In my previous post I promised to show the previous implementation of my Z80 SD interface, and to run through the problems which I intend to fix this month.
Original Z80 SD Interface Schematic (Click to Zoom)
The 74138 (U1) in the top left of the schematic is used to detect and decode IO reads and writes from the Z80. Three bits of the address bus (A7, A1, A0) are decoded along with the /RD line, M1 line and /IORQ line. With this configuration the device responds to any IO address between 0×80 and 0xff. Some more gates will be used to further decode the address later. The lower two bits (ie. the address modulo 4) select a register within the device. Address 0 selects the DATA shift register (U4) for reads or writes while address 1 selects the CONFIG register (U3) for writes only.
One NAND gate from the 7400 (U2A) quad NAND is used to invert the CONFIGWR signal, as the 74138 outputs are active low while the latch input on the 74374 is active high.
In the middle row of the schematic are the 74374 register (U3) that holds configuration information and the 74299 shift register (U4) that is used to transfer data to the SD card. To the right of these is a 74165 (U7) shift register that implements the automatic shifting mechanism for high speed mode along with some more NAND logic (U2B, U2C, U2D) to generate the appropriate signals depending on the operating mode.
The automatic shifting behaviour is implemented by latching the state of the SHIFT8 bit of the config register into all 8 bits of U7′s input register when /DATAWR is asserted (ie. the data register is written to). This fills the register with 1s. The serial in (Ds) pin of the register is connected to ground so with each clock pulse the train of 1s is shifted and the gap is filled with a 0. The serial output of the register (SHIFTING) is NANDed with the clock by U2B. The output from U2B is either a train of 8 inverted clock pulses or a constant logic 1 level, depending on the state of SHIFT8 at the time the DATA register was written to. NAND gate U2C will either invert this train of clock pulses if /BITBANG is high, or reflect the inverted state of the /BITBANG config bit if U2A is outputting a constant logic 1 at the time. Put together this allows either the SHIFT8 config bit or the /BITBANG config bit to control the clock depending on the desired operating mode (relying on the driver to avoid trying to do both simultaneously).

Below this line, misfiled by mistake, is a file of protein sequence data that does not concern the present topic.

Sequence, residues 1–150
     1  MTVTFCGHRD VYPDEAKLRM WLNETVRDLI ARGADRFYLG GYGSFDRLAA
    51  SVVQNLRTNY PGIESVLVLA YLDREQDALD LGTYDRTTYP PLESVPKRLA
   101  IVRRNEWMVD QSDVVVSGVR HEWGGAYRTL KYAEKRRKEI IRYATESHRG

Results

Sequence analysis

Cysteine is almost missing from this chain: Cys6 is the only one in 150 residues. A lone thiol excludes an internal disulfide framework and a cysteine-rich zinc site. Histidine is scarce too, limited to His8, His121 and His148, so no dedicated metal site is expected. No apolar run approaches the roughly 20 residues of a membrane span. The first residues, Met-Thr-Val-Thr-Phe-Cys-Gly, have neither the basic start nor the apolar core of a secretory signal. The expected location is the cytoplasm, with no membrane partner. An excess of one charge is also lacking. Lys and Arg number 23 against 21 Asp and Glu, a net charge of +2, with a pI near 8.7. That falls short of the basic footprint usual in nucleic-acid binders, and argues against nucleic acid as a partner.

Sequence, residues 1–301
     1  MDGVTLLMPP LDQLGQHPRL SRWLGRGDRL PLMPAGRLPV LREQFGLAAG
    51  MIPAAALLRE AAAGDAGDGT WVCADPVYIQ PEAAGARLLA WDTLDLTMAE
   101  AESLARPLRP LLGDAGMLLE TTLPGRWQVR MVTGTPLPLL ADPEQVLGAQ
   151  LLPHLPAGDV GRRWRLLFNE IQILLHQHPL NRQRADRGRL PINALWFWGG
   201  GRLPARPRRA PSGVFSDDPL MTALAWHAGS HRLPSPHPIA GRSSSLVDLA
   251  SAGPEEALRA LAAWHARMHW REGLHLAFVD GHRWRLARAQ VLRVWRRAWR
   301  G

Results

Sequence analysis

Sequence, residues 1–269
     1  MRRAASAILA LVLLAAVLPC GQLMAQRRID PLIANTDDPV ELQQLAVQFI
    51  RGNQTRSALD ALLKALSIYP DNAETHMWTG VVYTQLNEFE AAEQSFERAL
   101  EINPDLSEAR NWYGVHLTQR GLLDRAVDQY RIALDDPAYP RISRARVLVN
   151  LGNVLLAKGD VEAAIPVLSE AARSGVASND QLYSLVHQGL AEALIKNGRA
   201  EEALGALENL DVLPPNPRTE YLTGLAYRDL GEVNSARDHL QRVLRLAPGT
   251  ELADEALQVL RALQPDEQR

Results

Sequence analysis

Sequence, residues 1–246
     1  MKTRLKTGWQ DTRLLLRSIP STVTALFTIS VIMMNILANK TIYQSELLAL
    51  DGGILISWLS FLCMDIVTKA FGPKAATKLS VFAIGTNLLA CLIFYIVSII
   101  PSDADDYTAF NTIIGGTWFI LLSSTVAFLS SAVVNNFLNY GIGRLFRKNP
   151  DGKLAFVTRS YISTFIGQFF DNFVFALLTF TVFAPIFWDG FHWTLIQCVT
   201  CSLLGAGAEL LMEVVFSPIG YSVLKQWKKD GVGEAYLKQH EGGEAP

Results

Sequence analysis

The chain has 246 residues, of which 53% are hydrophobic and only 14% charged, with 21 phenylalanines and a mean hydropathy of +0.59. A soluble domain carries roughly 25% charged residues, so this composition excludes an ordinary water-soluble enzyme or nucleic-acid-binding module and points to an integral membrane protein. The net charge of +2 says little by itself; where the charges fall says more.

The final NAND gate of the 7400 (U2D) is used to invert the /DATAWR signal to drive U4′s S1 input to select the Parallel Load operation when /DATAWR is asserted or to Shift Left otherwise. S0 of U4 is tied to ground as the Shift Right and Hold operations are never used.
Finally, a 74107 dual JK flip flop was used to divide the RC2014′s clock signal (CLK) by four to produce (Q_CLK). This was initially intended to solve a timing issue, but has caused more trouble than it was worth.
The timing diagram below shows the behaviour of the device when the SHIFT8 bit is set and a write is issued to the DATA address.
Original SD Interface Timings (Click to Zoom)
A couple of issues are noticeable:
- SH_CLK is producing one partial pulse, followed by a gap, followed by 7 real clock pulses.
- /DATAWR (and therefore SH_LOAD) is asserted for several clock pulses.
- CLK (actually Q_CLK) behaves strangely.
Most of these issues were introduced by attempts to work around other problems.
Before the clock divider was introduced U7 was emitting a train of 11 clock pulses rather than the expected 8. This is because the 74165 has a transparent latch rather than an edge triggered latch. The Z80 asserts /IORQ for many clock cycles so the train of 1s from SHIFT8 was being reloaded, wiping out the 0 introduced through the Ds input, until /IORQ was deasserted. Introducing and resetting the clock divider was an attempt to prevent the shift registers from being clocked during this period by holding it in the reset state when /DATAWR is asserted.
Unfortunately because the Z80 instructions take a variable number of clock cycles to complete and aren’t necessarily a multiple of 4 cycles the state of the divided clock when /DATAWR is asserted is not predictable. This is likely the cause of the glitchy short pulse seen on CLK as /DATAWR is asserted.
Without this unexpected pulse U4 would not be loaded, as 74299′s the Parallel Load operation is synchronous with the clock, and shares a clock with the Shift operation. Extra logic would be required to create a seperate clock that is a superset of the shift clock.
Given these problems I’m going back to the drawing board slightly. I may try adding the extra logic to clock only the 74299 but if that fails I’m replacing the 74299 with a pair of shift registers – a 74165 for data moving from the Z80 to the SD card and a 74595 for data moving from the SD card to the Z80. This is probably wise anyway as the 74299 is a rare part which is many times the cost of a 74165 or 74595 and supplies are less plentiful.
I’ll also be removing the 74107 clock divider circuit and replacing it with a simple edge trigger circuit to limit the /DATAWR pulse to a single clock.
Hopefully I will have a write up of this new version soon.